Table 10. Total score and general average of the final Flow questionnaire.
Table 11. Average of the factors relating to the appearance of Flow.
On the other hand, the control group did not exceed the neutral threshold (3.0) in all factors and, therefore, students did not experience Flow in these factors (Balance of challenges-skills (M = 2.95, SD = 0.81), Action- awareness merging (M = 2.81, SD = 0.82), Unambiguous feedback (M = 3.00, SD = 0.62), Transformation of time (M = 2.63, SD = 0.67)). In the rest of the factors students showed some degree of Flow, lower than that of the Experimental group, though (Clear goals (M = 3.05, SD = 0.81), Concentration on task at hand (M = 3.39, SD = 0.75), Sense of control (M = 3.14, SD = 0.49), Loss of self-consciousness (M = 3.55 SD = 0.80), Autotelic experience (M = 3.48, SD = 0.71) (Table 11).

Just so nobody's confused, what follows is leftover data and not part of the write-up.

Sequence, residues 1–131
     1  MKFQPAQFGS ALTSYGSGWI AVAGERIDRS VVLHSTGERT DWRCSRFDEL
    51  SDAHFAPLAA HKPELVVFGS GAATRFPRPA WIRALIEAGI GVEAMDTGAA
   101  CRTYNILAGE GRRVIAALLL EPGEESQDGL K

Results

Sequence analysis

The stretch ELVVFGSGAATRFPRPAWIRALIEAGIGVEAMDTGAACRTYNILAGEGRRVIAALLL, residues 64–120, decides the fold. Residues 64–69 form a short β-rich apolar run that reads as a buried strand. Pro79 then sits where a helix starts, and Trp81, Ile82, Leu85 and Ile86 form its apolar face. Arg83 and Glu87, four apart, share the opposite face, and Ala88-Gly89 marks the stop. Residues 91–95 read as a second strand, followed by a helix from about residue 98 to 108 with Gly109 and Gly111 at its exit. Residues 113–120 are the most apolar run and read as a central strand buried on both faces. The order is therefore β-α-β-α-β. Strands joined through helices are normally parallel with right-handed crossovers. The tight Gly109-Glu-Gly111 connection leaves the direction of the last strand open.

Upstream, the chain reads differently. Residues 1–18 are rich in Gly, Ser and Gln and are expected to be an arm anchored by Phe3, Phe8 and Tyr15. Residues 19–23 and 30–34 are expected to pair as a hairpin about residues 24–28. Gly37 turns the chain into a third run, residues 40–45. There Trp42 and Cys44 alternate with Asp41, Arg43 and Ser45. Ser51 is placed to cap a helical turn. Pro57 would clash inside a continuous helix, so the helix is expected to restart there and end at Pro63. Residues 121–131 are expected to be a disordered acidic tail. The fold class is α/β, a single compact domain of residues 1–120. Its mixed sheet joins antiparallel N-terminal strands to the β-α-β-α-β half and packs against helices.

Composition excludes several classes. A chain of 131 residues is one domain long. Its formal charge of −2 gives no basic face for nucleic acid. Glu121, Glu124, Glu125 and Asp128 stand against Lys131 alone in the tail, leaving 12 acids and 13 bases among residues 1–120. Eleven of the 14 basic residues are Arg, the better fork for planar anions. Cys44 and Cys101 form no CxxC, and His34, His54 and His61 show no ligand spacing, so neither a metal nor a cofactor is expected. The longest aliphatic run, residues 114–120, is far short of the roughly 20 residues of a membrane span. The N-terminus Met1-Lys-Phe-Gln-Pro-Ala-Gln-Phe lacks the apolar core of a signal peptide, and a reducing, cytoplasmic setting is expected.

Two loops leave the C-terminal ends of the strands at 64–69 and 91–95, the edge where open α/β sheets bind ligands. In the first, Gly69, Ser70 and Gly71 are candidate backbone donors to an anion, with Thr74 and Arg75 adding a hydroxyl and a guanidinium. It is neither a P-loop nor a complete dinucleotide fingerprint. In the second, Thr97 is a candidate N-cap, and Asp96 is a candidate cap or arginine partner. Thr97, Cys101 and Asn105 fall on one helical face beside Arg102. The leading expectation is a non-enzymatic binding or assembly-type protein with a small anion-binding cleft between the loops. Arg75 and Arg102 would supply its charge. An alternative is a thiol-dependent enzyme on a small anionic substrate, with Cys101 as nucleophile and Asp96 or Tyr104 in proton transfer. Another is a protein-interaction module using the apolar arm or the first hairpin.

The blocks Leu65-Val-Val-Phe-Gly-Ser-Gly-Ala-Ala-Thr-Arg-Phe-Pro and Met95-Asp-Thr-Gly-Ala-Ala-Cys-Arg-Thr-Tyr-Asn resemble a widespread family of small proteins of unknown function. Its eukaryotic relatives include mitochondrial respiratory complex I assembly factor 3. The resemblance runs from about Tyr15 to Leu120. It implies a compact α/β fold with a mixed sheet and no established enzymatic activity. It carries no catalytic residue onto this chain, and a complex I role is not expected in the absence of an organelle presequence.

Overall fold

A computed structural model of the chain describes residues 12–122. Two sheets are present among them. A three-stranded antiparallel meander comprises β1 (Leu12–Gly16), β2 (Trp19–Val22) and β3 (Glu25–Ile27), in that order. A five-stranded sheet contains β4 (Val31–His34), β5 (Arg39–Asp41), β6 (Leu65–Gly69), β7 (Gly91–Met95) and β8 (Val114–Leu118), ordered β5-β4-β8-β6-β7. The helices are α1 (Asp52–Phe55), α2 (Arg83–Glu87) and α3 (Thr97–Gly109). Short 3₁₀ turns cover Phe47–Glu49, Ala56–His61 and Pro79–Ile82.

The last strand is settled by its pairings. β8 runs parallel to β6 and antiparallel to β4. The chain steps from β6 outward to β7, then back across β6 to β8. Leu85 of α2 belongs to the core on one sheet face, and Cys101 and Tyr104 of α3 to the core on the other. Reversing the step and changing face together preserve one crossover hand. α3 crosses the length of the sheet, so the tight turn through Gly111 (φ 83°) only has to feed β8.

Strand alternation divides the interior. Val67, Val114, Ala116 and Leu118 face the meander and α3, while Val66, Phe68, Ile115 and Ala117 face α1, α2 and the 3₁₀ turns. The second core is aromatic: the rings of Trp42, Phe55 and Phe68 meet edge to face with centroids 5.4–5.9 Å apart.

To determine the existence or non-existence of a statistically significant difference for each factor between the two groups, the average of each factor was initially checked against the Shapiro-Wilk test on whether they fulfilled the regularity criterion, since the sample was lower than 50 (N = 20/22). The test demonstrated that all factors showed regularity in both groups (p > 0.05), thus, the parametric t-test of independent samples was chosen, which showed that statistically significant difference between the two groups appears to be in the following factors (Table 12): Balance of challenges-skills [t(40) = −2.226, p = 0.32], Clear goals [t(40) = −2.330, p = 0.25], Unambiguous feedback [t(40) = −2.361, p = 0.23], Transformation of time [t(40) = −2.071, p = 0.45] and Autotelic experience [t(40) = −2.218, p = 0.32].